The historic plaza in the center of Buenos Aires, Plaza de Mayo, contains a lot of interesting buildings and landmarks to keep you busy. The beautifully landscaped area always seems to be buzzing with some kind of excitement.
You’ll also see lots of banners and signs referring to Las Malvinas (Falkland Islands). There is a small memorial near the center dedicated to the 1982 war with Britain. It’s still a major issue with most Argentinians.
On the east side of the square is a monument to Manuel Belgrano, a revolutionary hero and the designer of the Argentinian flag.
The most prominent building on the square and perhaps Buenos Aires also sits on the east side. It’s called Casa Rosada (Pink House) and is the presidential palace of Argentina. It was built between 1862-1885 on the former site of Fuerte Viejo, the old fort of Buenos Aires. For many the building is most famous for when Eva Perón addressed her supporters from one of its balconies. Tours are available on weekends.
Clockwise from Casa Rosada are two government buildings, the Minister of Economy and Administración Federal de Ingresos Públicos (Public Revenue). Next to Public Revenue is Calle Defensa, which on Sundays hosts an open-air craft market that runs through the heart of Barrio Monserrat all the way to Plaza Dorrego in historic San Telmo.
On the southwest corner at Diagonal Sur is the Gran Victoria, a famous restaurant, and Palacio de la Legislatura de la Ciudad de Buenos Aires, the city legislature. The Palacio de la Legislatura was built between 1926-1931. Besides being a beautiful building, the clock tower is a really cool feature. Between them is Avenida Roca, where every Sunday the Feria de Consumo Responsable takes place between 10am and 6pm. It’s a recycling fair promoting the use of green products and sellers of sustainable goods.
At the southwest end is one of the colonial buildings from Spanish rule, the Cabildo de Buenos Aires. It was built between 1725-1822 and now houses a museum about the Revolutión de Mayo. Admission was ARG $10, but it was kind of a waste of time and not very interesting. Don’t bother visiting.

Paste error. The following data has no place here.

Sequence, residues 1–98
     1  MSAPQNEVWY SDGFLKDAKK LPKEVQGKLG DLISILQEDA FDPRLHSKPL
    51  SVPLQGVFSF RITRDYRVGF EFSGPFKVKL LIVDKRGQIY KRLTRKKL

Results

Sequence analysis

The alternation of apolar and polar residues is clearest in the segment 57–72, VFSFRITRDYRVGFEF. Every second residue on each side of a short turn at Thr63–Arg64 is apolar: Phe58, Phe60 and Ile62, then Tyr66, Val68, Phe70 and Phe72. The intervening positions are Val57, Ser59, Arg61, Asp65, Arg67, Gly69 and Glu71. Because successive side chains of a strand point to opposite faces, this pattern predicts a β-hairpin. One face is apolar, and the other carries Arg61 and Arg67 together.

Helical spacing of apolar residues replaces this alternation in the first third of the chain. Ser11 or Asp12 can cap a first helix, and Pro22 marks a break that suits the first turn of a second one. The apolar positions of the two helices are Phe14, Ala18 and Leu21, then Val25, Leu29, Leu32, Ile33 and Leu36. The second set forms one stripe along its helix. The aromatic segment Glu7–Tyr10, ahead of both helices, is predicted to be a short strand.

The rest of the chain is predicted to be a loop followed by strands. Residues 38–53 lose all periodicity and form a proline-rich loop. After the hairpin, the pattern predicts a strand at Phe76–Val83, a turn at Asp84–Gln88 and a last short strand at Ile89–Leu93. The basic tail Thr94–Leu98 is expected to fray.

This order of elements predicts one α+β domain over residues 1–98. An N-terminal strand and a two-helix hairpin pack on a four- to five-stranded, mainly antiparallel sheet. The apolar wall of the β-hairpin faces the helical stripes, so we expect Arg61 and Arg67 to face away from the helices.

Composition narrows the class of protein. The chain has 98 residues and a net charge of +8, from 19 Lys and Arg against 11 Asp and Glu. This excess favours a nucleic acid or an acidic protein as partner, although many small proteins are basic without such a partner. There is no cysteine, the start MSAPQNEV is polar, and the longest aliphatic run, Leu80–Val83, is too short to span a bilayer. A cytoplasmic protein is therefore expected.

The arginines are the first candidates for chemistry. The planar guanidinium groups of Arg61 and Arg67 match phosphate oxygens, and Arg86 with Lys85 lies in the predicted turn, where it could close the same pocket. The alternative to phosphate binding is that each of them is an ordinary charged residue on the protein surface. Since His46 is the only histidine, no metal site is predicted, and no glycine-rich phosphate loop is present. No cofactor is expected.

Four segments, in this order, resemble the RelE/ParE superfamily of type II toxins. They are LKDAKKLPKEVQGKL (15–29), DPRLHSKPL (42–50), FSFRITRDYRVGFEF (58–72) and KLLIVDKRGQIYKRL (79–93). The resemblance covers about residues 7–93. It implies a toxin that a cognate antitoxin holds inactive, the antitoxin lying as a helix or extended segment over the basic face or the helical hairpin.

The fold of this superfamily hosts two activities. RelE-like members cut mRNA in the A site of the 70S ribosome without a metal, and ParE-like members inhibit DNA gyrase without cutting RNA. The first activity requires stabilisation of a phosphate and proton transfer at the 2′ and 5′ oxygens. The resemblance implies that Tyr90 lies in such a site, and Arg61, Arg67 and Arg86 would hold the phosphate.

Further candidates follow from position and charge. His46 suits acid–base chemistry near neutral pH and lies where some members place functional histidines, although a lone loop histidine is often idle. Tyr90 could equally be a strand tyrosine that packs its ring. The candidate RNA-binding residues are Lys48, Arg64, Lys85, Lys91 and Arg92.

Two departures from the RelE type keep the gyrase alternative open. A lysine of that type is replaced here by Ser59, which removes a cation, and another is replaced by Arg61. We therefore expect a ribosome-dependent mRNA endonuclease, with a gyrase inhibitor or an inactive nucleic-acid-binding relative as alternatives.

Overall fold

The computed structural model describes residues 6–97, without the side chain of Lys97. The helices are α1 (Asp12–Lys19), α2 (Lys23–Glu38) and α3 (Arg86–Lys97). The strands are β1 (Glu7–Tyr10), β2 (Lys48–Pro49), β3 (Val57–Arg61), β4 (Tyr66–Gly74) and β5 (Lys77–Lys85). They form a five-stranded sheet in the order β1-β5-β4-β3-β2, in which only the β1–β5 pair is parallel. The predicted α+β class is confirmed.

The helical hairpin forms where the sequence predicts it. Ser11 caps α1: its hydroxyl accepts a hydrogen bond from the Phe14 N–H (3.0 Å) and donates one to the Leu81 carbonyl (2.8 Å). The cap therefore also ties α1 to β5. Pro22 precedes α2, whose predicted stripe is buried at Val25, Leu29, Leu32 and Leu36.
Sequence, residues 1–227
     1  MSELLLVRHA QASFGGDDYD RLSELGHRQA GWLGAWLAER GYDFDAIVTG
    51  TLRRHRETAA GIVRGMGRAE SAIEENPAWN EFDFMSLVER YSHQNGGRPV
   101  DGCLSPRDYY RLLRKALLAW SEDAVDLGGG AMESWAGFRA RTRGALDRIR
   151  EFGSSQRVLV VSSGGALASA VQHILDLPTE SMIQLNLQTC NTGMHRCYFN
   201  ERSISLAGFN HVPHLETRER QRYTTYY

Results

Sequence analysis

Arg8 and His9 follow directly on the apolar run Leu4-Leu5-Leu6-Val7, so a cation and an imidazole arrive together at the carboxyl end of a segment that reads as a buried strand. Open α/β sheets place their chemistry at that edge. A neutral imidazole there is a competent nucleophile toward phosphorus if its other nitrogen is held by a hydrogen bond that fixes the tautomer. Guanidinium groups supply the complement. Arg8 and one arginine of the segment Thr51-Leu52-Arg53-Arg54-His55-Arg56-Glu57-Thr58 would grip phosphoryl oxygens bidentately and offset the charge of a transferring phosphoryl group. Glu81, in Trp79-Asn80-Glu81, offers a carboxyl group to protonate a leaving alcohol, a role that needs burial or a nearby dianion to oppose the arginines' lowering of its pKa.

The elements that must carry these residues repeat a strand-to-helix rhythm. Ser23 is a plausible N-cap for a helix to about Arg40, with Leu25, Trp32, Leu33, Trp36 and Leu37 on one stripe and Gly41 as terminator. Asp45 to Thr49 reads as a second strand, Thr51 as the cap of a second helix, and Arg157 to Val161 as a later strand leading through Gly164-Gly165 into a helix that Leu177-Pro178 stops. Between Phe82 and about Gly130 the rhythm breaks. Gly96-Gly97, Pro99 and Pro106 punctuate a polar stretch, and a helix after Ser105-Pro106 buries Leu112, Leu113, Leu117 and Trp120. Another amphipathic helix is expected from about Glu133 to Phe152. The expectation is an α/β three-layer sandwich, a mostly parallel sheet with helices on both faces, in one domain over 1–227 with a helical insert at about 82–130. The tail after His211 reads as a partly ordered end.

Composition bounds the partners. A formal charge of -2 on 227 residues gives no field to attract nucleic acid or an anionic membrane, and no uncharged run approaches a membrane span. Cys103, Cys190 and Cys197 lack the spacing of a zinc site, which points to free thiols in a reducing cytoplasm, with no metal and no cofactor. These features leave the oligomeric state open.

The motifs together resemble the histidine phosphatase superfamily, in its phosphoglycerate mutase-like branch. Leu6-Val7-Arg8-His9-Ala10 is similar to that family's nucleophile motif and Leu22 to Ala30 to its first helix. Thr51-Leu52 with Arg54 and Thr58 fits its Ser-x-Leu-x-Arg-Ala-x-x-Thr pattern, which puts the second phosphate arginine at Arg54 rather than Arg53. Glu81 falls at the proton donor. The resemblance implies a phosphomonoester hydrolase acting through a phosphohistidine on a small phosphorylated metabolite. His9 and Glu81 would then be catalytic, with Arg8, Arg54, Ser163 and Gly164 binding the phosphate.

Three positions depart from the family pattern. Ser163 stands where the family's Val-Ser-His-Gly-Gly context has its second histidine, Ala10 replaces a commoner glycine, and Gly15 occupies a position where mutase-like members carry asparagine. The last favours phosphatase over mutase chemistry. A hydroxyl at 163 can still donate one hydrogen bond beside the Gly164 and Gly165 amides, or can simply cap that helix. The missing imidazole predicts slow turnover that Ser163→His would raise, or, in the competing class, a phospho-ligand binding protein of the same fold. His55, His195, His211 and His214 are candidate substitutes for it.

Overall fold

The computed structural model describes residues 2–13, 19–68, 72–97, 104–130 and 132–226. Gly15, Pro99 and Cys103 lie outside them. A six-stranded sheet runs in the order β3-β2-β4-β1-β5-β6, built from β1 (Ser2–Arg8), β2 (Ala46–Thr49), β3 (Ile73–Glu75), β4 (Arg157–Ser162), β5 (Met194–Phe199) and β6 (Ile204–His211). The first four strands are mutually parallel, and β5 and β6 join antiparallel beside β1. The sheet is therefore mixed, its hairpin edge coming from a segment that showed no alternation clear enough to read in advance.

Avenida de Mayo starts between the Cabildo and the Palacio Municipal de la Ciudad de Buenos Aires, the Buenos Aires city hall built in 1890. Next to it is the SGP de la Jefatura de Gabinete de Ministros. It was formerly the Banco Argentino Uruguayo and was built in 1928.
The huge Neoclassical building on the northwest end of the plaza is the Catedral Metropolitana. I was lucky to visit on the same day that Pope John Paul II and Pope John XXIII were declared saints. There were several members of the Polish community of Buenos Aires in traditional dress there to celebrate.
The gorgeous interior of the cathedral also contains a room holding the tomb of General José de San Martin, an Argentinian independence hero. He also played important roles in the independence of Perú and Chile. He died in France in 1850 and his remains were transported to Buenos Aires in 1880.
Continuing clockwise is BBVA Banco Frances, built in 1933. It was originally the Nuevo Banco Italiano. Finally, on the northwest corner of Plaza de Mayo is the massive Banco de la Nación, built in 1943. It is the national bank of Argentina and the biggest in the country.
I recommend visiting Plaza de Mayo on a Sunday. This way, you can do a tour of Casa Rosada and visit the market on Calle Defensa when you finish. With the time for a Casa Rosada tour included, about two hours is worth dedicating to the square and the buildings around it.
When I visited on a Sunday there was an Arab cultural festival on Avenida de Mayo. They had food, shopping, music, and dancing. I had a nice lunch there and enjoyed the entertainment.